From prison to Harvard: John Poupart's journey to becoming founder of the American Indian Policy Center

Connect The Dots John Poupart
John Poupart is the founder and president of the American Indian Policy Center in St. Paul.
Courtesy John Poupart

How’s this for a resume?

  • Dropped out of school in the 7th grade

  • Three stints in juvenile detention at Red Wing

  • Four-year sentence at Minnesota Corrections-Stillwater

  • Worked at the Minnesota Department of Corrections for 23 years

  • A Bush fellow (a program that invests in accomplished leaders get to the next level)

  • Master’s degree from Harvard University’s Kennedy School of Business

  • Founder and president of the American Indian Policy Center

  • A champion boxer

John Poupart, who is Ojibwe, has lived a rich life.

MPR’s senior economics contributor Chris Farrell recently sat down with Poupart.

Use the audio player above to listen to the full conversation. 

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Audio transcript

[MUSIC PLAYING] CATHY WURZER: All right, how's this for a life and how it can change? Dropped out of school in the seventh grade, three stints in juvenile detention at Red Wing, four-year sentence at Minnesota Corrections Stillwater, worked for 23 years at the Department of Corrections, a Bush fellow, a program, of course, that invests in accomplished leaders to get to the next level of their lives, master's degree from Harvard, founder and president of the American Indian Policy Center.

There is much, much more. Did I mention that he was a champion boxer? John Poupart is Ojibwe, has lived a very rich life. And in our series Connect the Dots, we're asking community elders to share their wisdom and lessons learned about what really matters in life. MPR's senior economics contributor Chris Farrell recently sat down with Poupart with his story. This is amazing. My goodness. I don't even think I've ever met this man. Tell us about him.

CHRIS FARRELL: Oh, it's such an incredible background, Cathy. He's 85 years old. He's been retired for the past four years. And he grew up in the Lac Du Flambeau reservation in Wisconsin. And they were poor. And he says if you read John Steinbeck's Grapes of Wrath, you'll have a sense of how little they had.

JOHN POUPART: When I was born and raised on a reservation, and we were in a really remote part of the reservation-- there was only one other Indian family living close by. So I was born and raised deep in the sticks.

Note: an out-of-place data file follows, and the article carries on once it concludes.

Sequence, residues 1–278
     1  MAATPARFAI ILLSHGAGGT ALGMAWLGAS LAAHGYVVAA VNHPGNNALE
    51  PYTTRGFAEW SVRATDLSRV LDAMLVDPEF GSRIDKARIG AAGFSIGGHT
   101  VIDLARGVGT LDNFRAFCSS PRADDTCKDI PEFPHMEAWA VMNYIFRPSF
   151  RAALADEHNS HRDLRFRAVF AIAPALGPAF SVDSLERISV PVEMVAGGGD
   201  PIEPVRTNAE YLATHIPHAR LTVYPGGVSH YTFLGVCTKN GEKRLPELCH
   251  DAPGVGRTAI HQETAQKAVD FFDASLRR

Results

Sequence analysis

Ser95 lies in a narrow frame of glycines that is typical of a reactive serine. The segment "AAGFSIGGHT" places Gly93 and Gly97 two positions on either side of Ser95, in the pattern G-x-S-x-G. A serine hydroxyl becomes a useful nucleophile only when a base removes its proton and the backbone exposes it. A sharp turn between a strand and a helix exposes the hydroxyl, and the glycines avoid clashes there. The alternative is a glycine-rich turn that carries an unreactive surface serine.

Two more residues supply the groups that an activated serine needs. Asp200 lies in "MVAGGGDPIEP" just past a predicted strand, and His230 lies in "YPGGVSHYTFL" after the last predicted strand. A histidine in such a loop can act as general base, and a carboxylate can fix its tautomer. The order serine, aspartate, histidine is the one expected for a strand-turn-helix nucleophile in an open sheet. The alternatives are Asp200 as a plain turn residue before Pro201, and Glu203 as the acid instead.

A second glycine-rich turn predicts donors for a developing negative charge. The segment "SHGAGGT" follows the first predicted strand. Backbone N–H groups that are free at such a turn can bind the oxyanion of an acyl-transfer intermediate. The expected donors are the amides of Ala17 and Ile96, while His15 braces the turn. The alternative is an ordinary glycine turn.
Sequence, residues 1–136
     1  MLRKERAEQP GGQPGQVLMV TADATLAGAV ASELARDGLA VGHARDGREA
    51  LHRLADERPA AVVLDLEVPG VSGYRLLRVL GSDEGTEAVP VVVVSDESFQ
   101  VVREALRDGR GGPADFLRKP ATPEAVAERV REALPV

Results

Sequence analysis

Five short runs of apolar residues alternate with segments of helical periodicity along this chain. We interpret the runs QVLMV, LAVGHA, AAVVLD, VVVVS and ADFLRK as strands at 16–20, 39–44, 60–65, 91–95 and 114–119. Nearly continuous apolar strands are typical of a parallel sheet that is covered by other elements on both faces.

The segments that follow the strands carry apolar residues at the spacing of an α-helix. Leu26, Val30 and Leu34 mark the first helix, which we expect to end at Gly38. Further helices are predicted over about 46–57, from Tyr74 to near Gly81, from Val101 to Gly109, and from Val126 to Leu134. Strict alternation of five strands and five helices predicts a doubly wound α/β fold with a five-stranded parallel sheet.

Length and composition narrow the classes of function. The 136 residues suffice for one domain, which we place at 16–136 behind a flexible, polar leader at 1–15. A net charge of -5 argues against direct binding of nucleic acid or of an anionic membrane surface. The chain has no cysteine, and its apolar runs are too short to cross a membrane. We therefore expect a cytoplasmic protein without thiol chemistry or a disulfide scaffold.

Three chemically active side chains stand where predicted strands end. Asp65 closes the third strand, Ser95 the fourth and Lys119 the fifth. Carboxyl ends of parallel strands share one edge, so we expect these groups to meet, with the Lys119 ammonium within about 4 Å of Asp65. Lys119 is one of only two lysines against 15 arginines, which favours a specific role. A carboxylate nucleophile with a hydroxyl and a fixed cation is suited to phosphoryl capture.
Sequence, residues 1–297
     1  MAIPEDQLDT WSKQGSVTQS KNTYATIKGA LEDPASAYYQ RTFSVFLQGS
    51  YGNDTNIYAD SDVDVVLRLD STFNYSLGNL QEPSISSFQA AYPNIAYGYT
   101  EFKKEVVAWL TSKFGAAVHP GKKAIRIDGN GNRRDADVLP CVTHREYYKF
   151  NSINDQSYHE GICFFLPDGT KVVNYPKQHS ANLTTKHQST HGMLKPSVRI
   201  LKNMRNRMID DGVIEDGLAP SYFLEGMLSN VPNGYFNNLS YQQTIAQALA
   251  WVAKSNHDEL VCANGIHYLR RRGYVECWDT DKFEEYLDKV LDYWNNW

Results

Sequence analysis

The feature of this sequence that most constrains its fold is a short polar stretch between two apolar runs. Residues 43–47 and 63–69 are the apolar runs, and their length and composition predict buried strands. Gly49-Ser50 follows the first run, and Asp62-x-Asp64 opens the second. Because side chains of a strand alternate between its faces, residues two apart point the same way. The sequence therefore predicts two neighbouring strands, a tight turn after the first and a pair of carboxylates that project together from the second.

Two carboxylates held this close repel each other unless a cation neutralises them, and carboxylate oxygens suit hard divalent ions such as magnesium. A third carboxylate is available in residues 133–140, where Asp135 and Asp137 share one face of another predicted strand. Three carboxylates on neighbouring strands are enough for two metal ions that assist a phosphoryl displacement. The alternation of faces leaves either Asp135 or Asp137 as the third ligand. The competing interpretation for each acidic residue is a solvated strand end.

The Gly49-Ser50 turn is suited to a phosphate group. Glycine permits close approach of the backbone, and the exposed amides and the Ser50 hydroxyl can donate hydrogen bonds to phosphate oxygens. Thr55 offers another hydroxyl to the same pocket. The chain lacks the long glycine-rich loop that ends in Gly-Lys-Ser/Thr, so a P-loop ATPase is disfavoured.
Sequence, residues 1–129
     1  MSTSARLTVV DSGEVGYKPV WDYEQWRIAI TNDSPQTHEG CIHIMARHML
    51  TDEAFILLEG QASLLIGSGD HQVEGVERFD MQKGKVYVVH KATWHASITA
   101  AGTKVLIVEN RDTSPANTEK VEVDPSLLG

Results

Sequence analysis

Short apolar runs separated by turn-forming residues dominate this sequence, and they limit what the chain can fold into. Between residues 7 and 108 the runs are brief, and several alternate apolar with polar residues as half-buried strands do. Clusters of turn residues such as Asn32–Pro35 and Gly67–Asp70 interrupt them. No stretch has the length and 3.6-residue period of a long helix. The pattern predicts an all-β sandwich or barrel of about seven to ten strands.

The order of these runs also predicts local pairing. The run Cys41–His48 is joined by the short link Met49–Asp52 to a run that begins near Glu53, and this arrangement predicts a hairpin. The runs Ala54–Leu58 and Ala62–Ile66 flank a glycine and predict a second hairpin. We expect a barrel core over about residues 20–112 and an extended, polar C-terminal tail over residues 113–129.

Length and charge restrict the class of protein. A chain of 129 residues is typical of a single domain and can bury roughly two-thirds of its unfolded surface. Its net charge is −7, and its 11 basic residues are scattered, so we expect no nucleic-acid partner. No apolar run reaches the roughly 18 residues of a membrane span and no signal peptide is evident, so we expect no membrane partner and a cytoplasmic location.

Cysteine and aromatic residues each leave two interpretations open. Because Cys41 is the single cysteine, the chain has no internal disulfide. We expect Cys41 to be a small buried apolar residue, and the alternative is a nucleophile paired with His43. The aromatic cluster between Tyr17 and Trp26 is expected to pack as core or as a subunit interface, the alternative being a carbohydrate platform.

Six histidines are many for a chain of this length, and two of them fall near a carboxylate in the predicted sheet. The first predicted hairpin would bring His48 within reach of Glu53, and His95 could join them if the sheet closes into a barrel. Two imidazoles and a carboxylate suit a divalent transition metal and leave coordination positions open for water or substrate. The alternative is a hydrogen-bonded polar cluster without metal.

CHRIS FARRELL: And when he went to school, all the teachers were white. The same was true of the shopkeepers. And they rejected the culture and traditions of Native Americans.

CATHY WURZER: So he really lived in two worlds, huh?

CHRIS FARRELL: Yes. And he was really aware of being treated differently and badly.

JOHN POUPART: As I was growing up, I knew that some white people didn't like me, but I didn't quite understand. But I knew I was treated differently than other white kids. And I understood after a while that it was the color of my skin.

So that caused me a lot of resent, anger, fear, all those kind of feelings that bring out the worst in you. So when I grew up, I grew up as a fighter, as a person who acted out in a not so nice way. And that caused me a lot of problems early on in life.

CHRIS FARRELL: So he spent time at the state juvenile correction facility in Red Wing, and he went to prison. But, Cathy, there were these moments in our conversation that have really stuck with me. And one was he said his harsh experiences had a way of working out for the better-- sort of an intriguing balance of yin and yang.

JOHN POUPART: I was bullied a lot in school, and yet I turned out to be a champion boxer. I was a dropout in school at 7th grade level, yet I achieved a master's degree at Harvard University. I was an alcoholic, and yet I experienced 57 years of sobriety.

I was unemployed, a skid row bum, but I've been employed for the last 65 years. So everything has yin and yang about it, you know? I was a prison inmate, but yet I retired from the department of corrections. Eight of those years, I was the ombudsman for corrections, like the inspector general.

So there's good and bad in my life-- that's darkness and the sunshine of life.

CATHY WURZER: Wow. How in the world did he end up working for the department of corrections and going to Harvard after being in prison? This is not a straight line here.

CHRIS FARRELL: So, Cathy, the core to his journey was embracing his Native American culture, traditions, and community. So in prison, he was leader of a Native American group that met. And he continued helping Native Americans and working with tribal leadership when he got out. So let's make a long story short-- he was hired to run the new Native American desk at corrections.